More importantly, I know have a firmer sense of what I want each device, with its accompanying apps and services, to do. The productivity bump and happiness that I have experienced has also made me realize, finally, why Windows 8 has flopped. Trying to treat all devices the same and have them run the same apps is a recipe for poor user experience and too many duplicate services. It becomes more difficult to know what any given device excels at, or what a user should focus on when using it. If focus is truly saying no to a thousand things, then it’s important to say “no” to certain apps or services on certain platforms. Steve Jobs famously said “no” to Flash on iOS, but one doesn’t even have to be that wonky or technical when creating workflow boundaries and segmentation in his/her own life: I’ve said “no” to Web browsing on my Wii U and to Netflix on my phone, for example.
With this move toward device segmentation and focus in mind, I’ll finally delve into the tasks that I know do only on desktop or in the living room, so as to relieve some of the strain and overload from my mobile device. I perform these tasks using only my Mac or my Wii U, and I do not use their corresponding apps or services on my Nexus 4.
RSS can be tricky: you probably shouldn’t subscribe to any frequently updated sites, since they will overwhelm your feed and leave you with a “1000+ unread” notification that makes combing thru the list a chore. Rather, sites that push out an update once or twice per day (or every other day) are ideal material for RSS. Rewarding RSS reading requires you to have specialized taste borne out of general desktop Web browsing (see below), as well as a tinkerer’s mindset for adding and subtracting feeds. It’s a workflow meant for a desktop.
Granted, there are some good RSS clients for Android: Press and Minimal Reader Pro spring to mind. However, neither is great at managing feeds due to their minimalism and current reliance on the soon-to-be-extinct Google Reader. Plus, I’ve yet to find an Android rival for Reeder, which I use on my Mac an which is also available for iOS. The time-shifted nature of RSS also makes it something that I often only get around to once I’m back home, not working, and sitting down, with Reeder in front of me, and so I forego using a mobile client most of the time. This may change if and when RSS undergoes its needed post-Google Reader facelift.
The thrill of wide-open desktop browsing doesn’t exist on mobile. Maybe it’s because most mobile sites are bastardizations of their desktop forbearers, or because screen size is a limiting factor. Moreover, most mobile apps are still much better and much faster than their equivalent websites. I haven’t disabled Chrome on my phone, but I seldom use it unless another app directed me there. Instead, I prefer news aggregators like Flipboard and Google Currents, or strong native apps like The Verge, Mokriya Craigslist, and Reddit is Fun Golden Platinum.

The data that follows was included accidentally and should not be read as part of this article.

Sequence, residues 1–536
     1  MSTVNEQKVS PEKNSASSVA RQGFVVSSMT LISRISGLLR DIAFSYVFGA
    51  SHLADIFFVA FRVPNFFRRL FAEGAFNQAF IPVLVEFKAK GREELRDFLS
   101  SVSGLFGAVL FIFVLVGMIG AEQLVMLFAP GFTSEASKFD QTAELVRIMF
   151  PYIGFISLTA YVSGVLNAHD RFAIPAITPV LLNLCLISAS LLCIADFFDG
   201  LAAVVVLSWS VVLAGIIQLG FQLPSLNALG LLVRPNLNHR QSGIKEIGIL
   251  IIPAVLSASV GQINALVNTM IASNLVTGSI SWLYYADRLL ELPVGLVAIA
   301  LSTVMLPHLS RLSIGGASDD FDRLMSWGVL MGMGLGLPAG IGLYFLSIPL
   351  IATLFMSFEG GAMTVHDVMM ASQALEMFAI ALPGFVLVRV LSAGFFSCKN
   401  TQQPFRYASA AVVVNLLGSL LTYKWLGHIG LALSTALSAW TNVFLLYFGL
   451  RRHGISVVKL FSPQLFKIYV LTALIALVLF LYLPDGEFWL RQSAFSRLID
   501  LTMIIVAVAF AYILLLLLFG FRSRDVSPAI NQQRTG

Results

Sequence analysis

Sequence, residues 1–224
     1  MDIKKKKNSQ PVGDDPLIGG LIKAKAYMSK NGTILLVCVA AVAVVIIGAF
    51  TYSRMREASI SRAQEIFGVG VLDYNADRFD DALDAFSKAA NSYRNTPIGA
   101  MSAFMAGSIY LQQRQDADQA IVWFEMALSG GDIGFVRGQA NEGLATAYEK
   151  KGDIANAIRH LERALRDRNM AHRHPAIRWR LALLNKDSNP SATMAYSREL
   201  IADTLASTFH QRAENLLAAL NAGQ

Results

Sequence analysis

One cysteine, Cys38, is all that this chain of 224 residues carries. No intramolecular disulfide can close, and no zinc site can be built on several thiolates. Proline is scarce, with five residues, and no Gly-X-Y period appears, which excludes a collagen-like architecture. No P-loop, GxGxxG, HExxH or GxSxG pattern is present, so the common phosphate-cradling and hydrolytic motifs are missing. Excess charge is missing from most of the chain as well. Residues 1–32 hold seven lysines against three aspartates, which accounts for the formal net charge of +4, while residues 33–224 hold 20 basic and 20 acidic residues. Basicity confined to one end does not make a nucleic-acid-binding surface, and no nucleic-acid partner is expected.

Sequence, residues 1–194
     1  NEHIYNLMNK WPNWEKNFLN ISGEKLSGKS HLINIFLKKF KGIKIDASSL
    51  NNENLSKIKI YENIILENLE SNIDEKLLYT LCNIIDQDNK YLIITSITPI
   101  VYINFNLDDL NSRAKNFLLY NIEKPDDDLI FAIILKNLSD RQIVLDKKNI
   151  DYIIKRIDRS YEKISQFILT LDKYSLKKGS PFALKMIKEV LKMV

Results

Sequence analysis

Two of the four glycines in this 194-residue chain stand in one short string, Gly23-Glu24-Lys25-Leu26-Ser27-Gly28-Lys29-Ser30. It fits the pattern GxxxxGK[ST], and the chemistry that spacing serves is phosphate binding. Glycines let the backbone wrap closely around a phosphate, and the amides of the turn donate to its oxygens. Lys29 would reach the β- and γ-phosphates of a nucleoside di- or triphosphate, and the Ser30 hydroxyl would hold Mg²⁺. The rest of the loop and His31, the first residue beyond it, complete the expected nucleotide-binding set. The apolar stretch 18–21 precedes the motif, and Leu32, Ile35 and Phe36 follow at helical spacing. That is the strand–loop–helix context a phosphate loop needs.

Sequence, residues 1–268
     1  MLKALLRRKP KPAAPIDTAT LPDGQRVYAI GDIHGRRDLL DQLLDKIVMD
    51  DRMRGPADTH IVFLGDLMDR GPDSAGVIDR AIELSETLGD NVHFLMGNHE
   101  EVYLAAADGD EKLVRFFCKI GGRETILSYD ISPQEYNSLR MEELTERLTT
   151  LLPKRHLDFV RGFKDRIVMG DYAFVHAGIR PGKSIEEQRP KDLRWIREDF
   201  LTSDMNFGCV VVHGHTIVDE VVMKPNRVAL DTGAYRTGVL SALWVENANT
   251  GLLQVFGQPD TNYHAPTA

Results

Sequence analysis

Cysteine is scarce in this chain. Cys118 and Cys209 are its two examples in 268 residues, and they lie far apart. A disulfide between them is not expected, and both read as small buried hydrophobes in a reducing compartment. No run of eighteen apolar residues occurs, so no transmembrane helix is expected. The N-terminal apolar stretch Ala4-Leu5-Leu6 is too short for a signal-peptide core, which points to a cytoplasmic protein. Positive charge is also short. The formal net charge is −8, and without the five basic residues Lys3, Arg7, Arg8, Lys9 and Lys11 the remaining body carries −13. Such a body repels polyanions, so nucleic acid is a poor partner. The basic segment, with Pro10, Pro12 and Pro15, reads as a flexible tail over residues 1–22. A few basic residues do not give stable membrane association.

Of this trio, only Tumblr has a first-rate Android app in terms of aesthetics and friendliness to battery life. It’s easy for me to see why I don’t like using any of them on mobile: they all began as desktop websites, and then had to be downsized into standalone apps. Alongside these aesthetic and functional quibbles with website-to-app transitions, I also consciously limit my Facebook and LinkedIn intake by only checking them on desktop, and in the case of Tumblr, I may create content for it on my phone, but I usually save it to Google Drive (if only to back it up, which I’ll always end up doing one way or another) and then finish formatting and editing it on my desktop before posting it.
Twitter is a different story, due to its hyper-concise format. I’ll talk about it in the next entry. Google+ – which is almost completely ignorable as a standlone site on desktop – is also much better on mobile, wherein it performs useful background functions like photo backup. Mobile-first networks like Instagram and Vine are obvious exclusions as well.
Spotify is a unique case. Its Android app is certainly functional, but unstable and not so good with search. It is difficult to get a fully populated list of returned search results, and in many cases you must hit the back button and re-key the search. Its Mac app is much better – the gobs of menus and lengthy lists are right at home on the desktop. For listening to music on my Nexus 4, I use Google Play Music, where I have a large, precisely categorized personal collection accessible via a clean UI, and the terrific holo-styled Pocket Casts, which I use to play weekly trance podcasts from Above & Beyond and Armin Van Buuren, among others.
I’m not a huge fan of Netflix on tablets or large-screen phones. I do probably 99% of my Netflix viewing on an HDTV connected to my Wii U, with the remainder done on my Mac. I can see the appeal of viewing Netflix while lying in bed, so I don’t rule out its mobile possibilities altogether. However, most of the video watching I do on mobile is via YouTube, Google Play Movies, or my own movie collection as played by MX Player Pro.
Skype is a good desktop messenger and video calling service, but it may as well be DOA on Android, especially stock Android. Google+ Hangouts (the successor to Google Talk) is much simpler, since it requires only a Google+ account and has a dead-simple video calling/messaging interface. Plus, Skype for Android is unfortunately a battery-drainer, in my experience. That said, Skype’s shortcomings on mobile are balanced by its strengths on desktop: its native Mac app is still an appealing alternative to having to open up Google+ in Safari/Chrome.